Pie Day? Again? I just celebrated Pie Day on December 1st. I made a taco pie. And I assume there is another Pie Day coming up on March 14th. How many times can we celebrate the pie? Is the pie that insecure it needs three days (at least) to celebrate its goodness? I feel there is a corporate pie agenda that Big Pie is pushing on the world. It gets absurdly romanticized in movies and on tv. It has spun its own image to be this icon in the world of comfort food, but is the pie any better than cake or cookies? Oh pie is good, don’t get me wrong. But does it deserve three days of celebration, not to mention all those individual days such as Raspberry Cream Pie Day and Pumpkin Pie Day? Don’t fall for the Big Pie agenda.
It is what it is, I suppose, so despite my conflicts, I set out to celebrate Pie Day. My first celebration was unintentional but ended up being appropriate. On Sunday, in my post DC trip haze to Clements, I picked up a pot pie for dinner that night (along with the sandwiches for lunch). Well we ate the sandwiches kind of late in the day and then had some blondies at night, so neither of us were really all that hungry for dinner. That means that I had dinner ready for Monday night which unbeknownst to me at the time, was Pie Day. So by accident, we were having pot pie for dinner on Pie Day (nailed it).
To my chagrin, Clements did not have any of our favorite pot pie from the Centerville Pie Company. That’s Oprah’s favorite too (I’ve talked about them here before). I’m not sure if Clements are out of the pies or if they are just not carrying them anymore (it looks like the latter because there was no empty space where they are usually kept). That was a bummer because their pies are the best. Instead, I picked up a Willow Tree chicken pot pie. Willow Tree is based out of Attleboro, MA which is right over the Rhode Island border. They began life as poultry farmers but at some point, expanded to become pot pie makers. That’s what made their business take off. Then they started making chicken salad. That’s how I first heard their name, with their chicken salad. It’s kind of a thing down here. In fact if you mention you bought chicken salad around here, you usually get the “is it Willow Tree” question. It’s tasty chicken salad, I’ll give them that. This was the first time I have ever had their pot pie. I figured they were chicken experts, so it must be a good product. It cooked in about an hour and fifteen minutes.
It was the prefect night for chicken pot pie. It wasn’t freezing outside but it was cold and with a Nor’easter in the air, the wind was whooping and whomping. It just sounded bitterly cold, so the warmness of a pot pie was perfect. To be honest, we are spoiled by the Centerville Pie pot pies because they are packed with chicken. The Willow Tree pie was good, but it was different and definitely far less chicken. The main difference was that this pie had a layer of pie crust over the top and beneath it was a mixture of chicken and gravy, which was almost soupy. The Centerville Pie has pie crust on the bottom and top so it eats more like a real pie, especially with all that chicken. The Willow Tree was more like chicken and dumplings. Still tasty (it really was delicious), just not what we are used to. I ate it with a spoon so I could get all the gravy. I guess it’s just a different interpretation of pot pie. I would get it again, but pretty sure I would reach for Centerville’s version first.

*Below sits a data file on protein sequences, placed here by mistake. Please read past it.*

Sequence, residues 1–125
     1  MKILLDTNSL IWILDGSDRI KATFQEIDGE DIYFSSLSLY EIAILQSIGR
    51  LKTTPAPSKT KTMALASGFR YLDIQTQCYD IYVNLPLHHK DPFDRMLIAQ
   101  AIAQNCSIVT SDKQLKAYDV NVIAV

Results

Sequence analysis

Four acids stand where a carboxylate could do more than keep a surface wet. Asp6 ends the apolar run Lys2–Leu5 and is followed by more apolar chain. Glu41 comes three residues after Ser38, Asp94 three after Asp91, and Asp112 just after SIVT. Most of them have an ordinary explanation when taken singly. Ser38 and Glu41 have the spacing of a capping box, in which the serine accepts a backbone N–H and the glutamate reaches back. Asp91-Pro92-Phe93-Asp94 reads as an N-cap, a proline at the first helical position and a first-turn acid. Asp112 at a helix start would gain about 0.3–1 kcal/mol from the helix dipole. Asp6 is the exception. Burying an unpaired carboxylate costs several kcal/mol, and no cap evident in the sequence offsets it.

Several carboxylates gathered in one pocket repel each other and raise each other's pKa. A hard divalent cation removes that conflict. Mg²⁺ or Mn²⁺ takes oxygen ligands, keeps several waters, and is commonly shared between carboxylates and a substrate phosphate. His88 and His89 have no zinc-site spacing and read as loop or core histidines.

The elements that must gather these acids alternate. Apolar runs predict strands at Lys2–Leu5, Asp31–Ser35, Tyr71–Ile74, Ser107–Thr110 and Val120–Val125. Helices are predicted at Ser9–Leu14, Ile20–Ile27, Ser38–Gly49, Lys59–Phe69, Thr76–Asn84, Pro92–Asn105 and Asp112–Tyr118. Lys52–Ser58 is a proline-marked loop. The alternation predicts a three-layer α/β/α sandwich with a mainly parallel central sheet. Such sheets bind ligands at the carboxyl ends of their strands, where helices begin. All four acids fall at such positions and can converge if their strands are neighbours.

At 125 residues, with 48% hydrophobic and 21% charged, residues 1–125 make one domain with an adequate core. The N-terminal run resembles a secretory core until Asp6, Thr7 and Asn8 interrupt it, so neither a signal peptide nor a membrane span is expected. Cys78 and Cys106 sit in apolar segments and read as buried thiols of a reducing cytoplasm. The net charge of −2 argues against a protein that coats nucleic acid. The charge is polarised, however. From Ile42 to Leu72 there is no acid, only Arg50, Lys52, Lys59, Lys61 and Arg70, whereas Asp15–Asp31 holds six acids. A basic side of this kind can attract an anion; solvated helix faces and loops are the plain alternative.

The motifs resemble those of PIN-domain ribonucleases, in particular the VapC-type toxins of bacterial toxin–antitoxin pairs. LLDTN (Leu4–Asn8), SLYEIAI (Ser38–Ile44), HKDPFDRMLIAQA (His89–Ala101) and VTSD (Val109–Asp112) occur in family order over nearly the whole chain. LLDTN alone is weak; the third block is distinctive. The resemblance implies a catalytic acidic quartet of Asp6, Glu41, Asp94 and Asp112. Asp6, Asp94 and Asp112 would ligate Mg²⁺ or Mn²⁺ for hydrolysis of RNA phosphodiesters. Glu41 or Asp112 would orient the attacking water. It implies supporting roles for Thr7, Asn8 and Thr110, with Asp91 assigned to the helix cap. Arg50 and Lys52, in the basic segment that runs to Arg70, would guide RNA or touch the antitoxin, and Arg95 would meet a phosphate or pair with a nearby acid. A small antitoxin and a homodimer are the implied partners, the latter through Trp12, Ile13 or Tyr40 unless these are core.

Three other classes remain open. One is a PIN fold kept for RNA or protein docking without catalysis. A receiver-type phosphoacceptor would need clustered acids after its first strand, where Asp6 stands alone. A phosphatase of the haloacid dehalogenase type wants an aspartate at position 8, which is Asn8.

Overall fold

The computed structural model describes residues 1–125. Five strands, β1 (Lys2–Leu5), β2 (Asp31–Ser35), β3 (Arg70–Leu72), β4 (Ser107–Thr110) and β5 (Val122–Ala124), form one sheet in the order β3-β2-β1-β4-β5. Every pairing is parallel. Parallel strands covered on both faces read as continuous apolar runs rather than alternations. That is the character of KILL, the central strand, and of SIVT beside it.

The second part of my Pie Day celebration was to make a sweet pie since I had savory covered. I looked at some recipes online and tried to find something tasty. Then I thought about one of my favorite pies, the key lime. It’s a sweet pie with a tart twist to it. It’s cool and refreshing and despite the wintery weather, that was appealing to me. Some of the other pies I was looking at were all sweet but seemed heavy and too much. The key lime sounded like simple sweetness. I found a recipe from Sally’s Baking Addiction blog. I have found some stellar recipes from her before so I always check her out to see what recipes she has. Her key lime recipe looked good and easy. It was actually for mini pies which you would make inside a muffin pan. I was going to make it that way, but then I wondered if I was not being pie compliant for Pie Day, so I made a full pie instead. Thankfully, she had a note on how to to do that in her recipe.